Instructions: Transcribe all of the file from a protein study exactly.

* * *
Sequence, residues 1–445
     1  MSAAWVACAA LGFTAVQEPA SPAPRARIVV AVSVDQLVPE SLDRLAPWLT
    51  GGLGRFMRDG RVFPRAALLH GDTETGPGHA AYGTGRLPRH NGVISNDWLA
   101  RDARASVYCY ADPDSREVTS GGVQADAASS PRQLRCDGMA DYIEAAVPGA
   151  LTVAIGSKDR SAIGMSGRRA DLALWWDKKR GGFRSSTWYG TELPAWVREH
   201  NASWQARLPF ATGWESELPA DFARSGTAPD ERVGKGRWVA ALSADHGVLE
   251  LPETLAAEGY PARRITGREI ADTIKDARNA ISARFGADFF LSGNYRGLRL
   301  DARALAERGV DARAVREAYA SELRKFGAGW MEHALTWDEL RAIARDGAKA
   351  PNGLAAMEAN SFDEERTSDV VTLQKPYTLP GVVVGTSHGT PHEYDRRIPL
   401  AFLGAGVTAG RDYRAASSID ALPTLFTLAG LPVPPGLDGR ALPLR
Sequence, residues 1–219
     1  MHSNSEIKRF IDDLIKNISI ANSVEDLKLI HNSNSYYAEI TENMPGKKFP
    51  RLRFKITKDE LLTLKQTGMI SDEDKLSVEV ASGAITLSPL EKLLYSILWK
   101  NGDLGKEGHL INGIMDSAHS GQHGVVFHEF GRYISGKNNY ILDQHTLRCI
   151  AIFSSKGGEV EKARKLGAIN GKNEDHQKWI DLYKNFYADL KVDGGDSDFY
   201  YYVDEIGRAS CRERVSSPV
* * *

Sequence, residues 1–445
     1  MSAAWVACAA LGFTAVQEPA SPAPRARIVV AVSVDQLVPE SLDRLAPWLT
    51  GGLGRFMRDG RVFPRAALLH GDTETGPGHA AYGTGRLPRH NGVISNDWLA
   101  RDARASVYCY ADPDSREVTS GGVQADAASS PRQLRCDGMA DYIEAAVPGA
   151  LTVAIGSKDR SAIGMSGRRA DLALWWDKKR GGFRSSTWYG TELPAWVREH
   201  NASWQARLPF ATGWESELPA DFARSGTAPD ERVGKGRWVA ALSADHGVLE
   251  LPETLAAEGY PARRITGREI ADTIKDARNA ISARFGADFF LSGNYRGLRL
   301  DARALAERGV DARAVREAYA SELRKFGAGW MEHALTWDEL RAIARDGAKA
   351  PNGLAAMEAN SFDEERTSDV VTLQKPYTLP GVVVGTSHGT PHEYDRRIPL
   401  AFLGAGVTAG RDYRAASSID ALPTLFTLAG LPVPPGLDGR ALPLR
Sequence, residues 1–219
     1  MHSNSEIKRF IDDLIKNISI ANSVEDLKLI HNSNSYYAEI TENMPGKKFP
    51  RLRFKITKDE LLTLKQTGMI SDEDKLSVEV ASGAITLSPL EKLLYSILWK
   101  NGDLGKEGHL INGIMDSAHS GQHGVVFHEF GRYISGKNNY ILDQHTLRCI
   151  AIFSSKGGEV EKARKLGAIN GKNEDHQKWI DLYKNFYADL KVDGGDSDFY
   201  YYVDEIGRAS CRERVSSPV